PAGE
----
Grandmother, infant and others escape blaze
October 27, 2003
A young boy watching television Monday morning spotted flames and was able to wake his grandmother, her daughter, and his infant brother in time to escape a fire that consumed their Carson City mobile home before firefighters arrived.
Neighbors heard a small explosion before they saw the family running down the street of the mobile home park.
“They are sad; they don’t have anything. Everything burned,” said family friend Ernestina Garcia.
The family was able to grab one baby blanket before they left. By the afternoon, an American Red Cross disaster team had found a temporary place for the family to stay and provided food vouchers and clothing.
Carson Fire Department got a call from the Safari Mobile Home Village on Hot Springs Road at 8:45 a.m.
“It was gone by the time we got water to it,” said Battalion Chief Dan Shirey. “It’s pretty much a total loss. We were strictly in a defensive mode trying to protect the surrounding structures.”
Recommended Stories For You
The department called in a Dumpster to dispose of charred materials after a fire investigator looked at the structure, Shirey said. It is unknown what caused the fire. Monday’s incident is possibly the third home fire crews had responded to in the past year at the complex, Shirey said.
Many of the 89 units inside the park are older trailer-type homes owned or occupied by young Hispanic families with children. Older mobile homes often don’t meet today’s fire safety standards and are susceptible to burning quickly in a fire, Shirey said.
The fire that started Monday destroyed Monrroy’s possessions and home down to the outside metal exterior walls within 15 minutes. The grandmother, Natalia Monrroy, was examined by paramedics for apparent breathing problems, but all others escaped without injury.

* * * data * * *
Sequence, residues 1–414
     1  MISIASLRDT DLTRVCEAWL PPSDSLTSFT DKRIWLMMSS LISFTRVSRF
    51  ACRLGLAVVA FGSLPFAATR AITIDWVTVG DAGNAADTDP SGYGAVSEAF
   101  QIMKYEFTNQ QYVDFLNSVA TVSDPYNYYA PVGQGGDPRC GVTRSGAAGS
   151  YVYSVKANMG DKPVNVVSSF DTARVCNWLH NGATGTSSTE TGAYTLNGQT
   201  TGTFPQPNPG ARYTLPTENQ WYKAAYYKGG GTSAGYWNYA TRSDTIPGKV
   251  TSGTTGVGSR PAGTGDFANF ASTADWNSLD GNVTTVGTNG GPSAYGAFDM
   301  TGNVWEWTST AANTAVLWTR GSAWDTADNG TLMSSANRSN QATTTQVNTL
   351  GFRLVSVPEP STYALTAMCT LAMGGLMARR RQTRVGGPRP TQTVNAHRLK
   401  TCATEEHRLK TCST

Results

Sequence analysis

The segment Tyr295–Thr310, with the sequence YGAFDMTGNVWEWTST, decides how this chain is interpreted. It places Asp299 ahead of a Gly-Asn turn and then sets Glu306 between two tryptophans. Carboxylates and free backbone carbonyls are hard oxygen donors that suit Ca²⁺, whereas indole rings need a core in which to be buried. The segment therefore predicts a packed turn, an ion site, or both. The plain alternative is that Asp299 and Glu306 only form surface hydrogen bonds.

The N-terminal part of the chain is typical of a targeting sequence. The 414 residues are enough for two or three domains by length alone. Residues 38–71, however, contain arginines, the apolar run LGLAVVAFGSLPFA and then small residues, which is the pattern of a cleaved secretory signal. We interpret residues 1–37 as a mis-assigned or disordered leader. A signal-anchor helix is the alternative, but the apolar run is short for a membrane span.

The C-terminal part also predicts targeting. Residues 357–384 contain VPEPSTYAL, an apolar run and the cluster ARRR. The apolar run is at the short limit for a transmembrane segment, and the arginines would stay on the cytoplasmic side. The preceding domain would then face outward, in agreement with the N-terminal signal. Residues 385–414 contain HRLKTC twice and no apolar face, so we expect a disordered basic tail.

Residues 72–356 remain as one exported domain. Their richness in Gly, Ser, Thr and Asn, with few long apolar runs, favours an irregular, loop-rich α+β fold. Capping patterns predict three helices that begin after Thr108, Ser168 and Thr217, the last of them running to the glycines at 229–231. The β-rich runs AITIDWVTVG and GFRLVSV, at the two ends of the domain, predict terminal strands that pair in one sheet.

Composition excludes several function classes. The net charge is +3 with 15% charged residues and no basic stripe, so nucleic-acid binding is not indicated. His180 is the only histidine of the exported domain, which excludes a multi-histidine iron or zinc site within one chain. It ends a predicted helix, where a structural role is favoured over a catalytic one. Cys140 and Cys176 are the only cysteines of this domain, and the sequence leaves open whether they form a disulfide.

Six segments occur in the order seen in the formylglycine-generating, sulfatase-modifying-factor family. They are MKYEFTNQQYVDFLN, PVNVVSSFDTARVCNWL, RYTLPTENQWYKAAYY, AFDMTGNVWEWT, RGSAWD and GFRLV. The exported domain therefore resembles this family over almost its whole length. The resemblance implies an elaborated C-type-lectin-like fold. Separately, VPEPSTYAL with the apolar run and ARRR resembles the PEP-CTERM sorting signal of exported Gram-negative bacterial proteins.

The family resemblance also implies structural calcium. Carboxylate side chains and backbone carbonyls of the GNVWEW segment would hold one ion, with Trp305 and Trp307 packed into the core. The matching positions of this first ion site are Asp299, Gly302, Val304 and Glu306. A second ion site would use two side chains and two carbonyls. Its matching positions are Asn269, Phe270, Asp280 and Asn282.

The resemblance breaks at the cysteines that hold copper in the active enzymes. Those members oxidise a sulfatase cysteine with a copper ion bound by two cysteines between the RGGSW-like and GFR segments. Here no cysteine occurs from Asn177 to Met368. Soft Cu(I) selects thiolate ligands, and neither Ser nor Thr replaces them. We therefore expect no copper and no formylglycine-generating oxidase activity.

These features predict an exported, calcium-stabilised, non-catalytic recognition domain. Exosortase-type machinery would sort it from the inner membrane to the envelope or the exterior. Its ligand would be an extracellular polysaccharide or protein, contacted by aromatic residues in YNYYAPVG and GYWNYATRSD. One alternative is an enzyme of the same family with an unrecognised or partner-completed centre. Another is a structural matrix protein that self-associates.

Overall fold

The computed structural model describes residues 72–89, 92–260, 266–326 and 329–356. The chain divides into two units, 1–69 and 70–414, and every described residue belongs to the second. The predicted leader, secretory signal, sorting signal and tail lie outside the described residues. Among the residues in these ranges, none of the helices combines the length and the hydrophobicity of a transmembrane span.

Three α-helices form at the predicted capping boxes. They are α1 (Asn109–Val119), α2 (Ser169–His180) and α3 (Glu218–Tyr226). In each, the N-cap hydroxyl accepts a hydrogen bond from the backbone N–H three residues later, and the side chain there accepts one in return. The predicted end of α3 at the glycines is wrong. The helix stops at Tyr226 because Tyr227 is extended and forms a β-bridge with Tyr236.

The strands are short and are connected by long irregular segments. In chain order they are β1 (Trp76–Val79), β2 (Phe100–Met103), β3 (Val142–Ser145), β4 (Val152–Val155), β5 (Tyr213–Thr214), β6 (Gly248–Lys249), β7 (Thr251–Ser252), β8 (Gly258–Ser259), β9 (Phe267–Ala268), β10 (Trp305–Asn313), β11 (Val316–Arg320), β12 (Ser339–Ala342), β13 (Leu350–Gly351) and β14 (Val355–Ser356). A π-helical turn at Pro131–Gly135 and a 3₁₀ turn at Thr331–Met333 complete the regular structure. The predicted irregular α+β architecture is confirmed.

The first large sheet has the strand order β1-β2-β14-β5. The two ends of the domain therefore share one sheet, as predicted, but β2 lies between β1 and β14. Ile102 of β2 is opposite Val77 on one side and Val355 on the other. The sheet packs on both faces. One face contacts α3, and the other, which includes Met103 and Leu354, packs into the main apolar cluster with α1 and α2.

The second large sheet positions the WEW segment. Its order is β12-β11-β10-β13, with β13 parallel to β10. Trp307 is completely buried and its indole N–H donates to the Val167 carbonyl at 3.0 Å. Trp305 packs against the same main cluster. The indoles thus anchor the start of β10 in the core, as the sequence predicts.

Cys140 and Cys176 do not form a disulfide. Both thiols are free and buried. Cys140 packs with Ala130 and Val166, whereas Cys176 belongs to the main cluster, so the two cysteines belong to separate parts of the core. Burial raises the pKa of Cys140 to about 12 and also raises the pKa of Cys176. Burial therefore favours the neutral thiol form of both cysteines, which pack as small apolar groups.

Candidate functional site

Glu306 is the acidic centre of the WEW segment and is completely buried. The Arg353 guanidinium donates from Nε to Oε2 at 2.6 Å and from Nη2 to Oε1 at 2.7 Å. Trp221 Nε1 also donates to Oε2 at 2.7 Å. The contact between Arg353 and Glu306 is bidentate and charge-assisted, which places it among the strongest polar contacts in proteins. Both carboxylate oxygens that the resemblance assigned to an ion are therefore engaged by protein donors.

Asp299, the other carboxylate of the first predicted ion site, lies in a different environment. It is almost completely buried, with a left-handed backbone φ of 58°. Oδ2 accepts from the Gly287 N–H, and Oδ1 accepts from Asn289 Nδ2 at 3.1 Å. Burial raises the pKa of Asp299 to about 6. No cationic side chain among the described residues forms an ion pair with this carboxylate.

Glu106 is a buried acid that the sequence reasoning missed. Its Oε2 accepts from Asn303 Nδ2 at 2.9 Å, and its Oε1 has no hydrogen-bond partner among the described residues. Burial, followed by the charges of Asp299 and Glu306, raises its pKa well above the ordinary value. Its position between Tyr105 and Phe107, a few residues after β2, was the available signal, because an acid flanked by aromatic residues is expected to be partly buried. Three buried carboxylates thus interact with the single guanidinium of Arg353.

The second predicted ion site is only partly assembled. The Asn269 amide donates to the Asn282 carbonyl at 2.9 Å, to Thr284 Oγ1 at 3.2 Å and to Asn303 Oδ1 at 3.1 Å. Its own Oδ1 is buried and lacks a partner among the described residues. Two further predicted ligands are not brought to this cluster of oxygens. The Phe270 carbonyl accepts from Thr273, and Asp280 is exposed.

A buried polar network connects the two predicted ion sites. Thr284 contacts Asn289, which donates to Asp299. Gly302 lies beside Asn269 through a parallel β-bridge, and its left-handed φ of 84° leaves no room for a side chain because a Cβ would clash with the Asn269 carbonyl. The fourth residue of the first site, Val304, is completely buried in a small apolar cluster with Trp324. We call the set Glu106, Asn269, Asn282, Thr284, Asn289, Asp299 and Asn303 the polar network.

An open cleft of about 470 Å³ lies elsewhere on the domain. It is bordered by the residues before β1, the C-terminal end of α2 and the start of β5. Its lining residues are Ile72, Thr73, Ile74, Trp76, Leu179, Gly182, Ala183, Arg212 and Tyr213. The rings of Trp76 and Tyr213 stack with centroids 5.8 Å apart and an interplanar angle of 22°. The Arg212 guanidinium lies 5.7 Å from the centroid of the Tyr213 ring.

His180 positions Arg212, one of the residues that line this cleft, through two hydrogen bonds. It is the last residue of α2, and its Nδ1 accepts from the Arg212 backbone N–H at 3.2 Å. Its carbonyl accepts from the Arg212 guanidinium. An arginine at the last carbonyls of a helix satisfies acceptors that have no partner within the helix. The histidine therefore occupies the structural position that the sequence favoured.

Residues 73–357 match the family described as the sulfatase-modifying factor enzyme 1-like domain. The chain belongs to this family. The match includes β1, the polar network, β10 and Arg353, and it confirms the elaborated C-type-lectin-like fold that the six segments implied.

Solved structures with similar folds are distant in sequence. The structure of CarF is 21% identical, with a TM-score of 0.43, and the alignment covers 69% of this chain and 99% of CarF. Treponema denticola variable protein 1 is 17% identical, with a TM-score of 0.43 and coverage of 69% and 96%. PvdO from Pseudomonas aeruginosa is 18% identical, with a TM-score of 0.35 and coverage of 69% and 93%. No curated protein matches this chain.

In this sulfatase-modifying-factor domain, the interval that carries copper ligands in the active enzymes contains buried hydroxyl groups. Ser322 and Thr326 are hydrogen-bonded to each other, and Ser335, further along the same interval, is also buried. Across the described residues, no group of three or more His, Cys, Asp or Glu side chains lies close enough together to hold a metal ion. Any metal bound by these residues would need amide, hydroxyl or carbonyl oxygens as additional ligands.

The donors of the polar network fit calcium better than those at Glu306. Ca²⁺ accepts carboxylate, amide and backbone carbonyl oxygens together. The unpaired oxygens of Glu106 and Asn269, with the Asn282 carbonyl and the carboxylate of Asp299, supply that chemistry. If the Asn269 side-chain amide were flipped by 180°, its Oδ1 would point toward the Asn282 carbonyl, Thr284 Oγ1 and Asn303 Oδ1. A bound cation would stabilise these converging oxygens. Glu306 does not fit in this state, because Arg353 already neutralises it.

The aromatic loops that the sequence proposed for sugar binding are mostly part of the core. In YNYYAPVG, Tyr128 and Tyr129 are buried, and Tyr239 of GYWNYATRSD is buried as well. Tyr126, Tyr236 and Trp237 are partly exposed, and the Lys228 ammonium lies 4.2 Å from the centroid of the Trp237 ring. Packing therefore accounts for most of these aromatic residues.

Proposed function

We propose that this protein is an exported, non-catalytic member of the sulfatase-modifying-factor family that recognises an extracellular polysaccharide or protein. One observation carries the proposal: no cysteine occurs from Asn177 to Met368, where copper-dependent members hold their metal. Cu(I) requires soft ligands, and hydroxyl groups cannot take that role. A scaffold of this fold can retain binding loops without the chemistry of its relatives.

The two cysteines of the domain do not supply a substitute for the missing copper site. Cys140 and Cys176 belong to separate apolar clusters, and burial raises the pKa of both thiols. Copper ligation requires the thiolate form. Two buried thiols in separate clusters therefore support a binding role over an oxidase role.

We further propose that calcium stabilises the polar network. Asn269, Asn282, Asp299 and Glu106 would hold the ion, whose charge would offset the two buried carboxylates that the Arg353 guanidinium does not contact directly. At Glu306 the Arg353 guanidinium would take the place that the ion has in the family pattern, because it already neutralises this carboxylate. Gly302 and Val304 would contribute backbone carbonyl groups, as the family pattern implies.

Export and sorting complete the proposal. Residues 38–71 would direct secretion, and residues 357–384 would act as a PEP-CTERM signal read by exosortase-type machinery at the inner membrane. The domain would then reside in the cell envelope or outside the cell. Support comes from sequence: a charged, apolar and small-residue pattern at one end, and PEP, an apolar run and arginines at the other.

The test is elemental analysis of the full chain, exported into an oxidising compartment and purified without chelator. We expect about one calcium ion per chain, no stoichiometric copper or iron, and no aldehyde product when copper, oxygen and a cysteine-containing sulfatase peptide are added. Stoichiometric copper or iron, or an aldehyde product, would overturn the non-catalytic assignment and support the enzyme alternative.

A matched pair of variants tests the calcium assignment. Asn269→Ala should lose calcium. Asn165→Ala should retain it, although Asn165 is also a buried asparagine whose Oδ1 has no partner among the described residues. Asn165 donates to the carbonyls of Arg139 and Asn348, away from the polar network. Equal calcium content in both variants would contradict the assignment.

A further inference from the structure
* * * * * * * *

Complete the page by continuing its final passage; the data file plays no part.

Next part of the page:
“There is an inherent problem with mobile homes,” Shirey said. “Even though the new ones meet code requirements, the burn characteristics are still very different than a (stick-built) home. Hopefully, they have smoke detectors that work in every room.”
Manager Lyle Clapper said residents started hollering at him when the fire started, and he tried everything he could to get the gas shut down.
After finding no one home, Clapper was spraying down a utility power pole and box with a garden hose behind the home when crews arrived. Two trailer homes beside the structure were starting to heat up, but both were saved and the occupants and children were unharmed. Another fire consumed a home at the park earlier this year after a hot water heater malfunctioned, Clapper said.
Carson firefighters called the American Red Cross to assist the family that was left homeless. Red Cross workers will continue to work with the family to plan a long-term recovery, according to spokeswoman Donna Brand.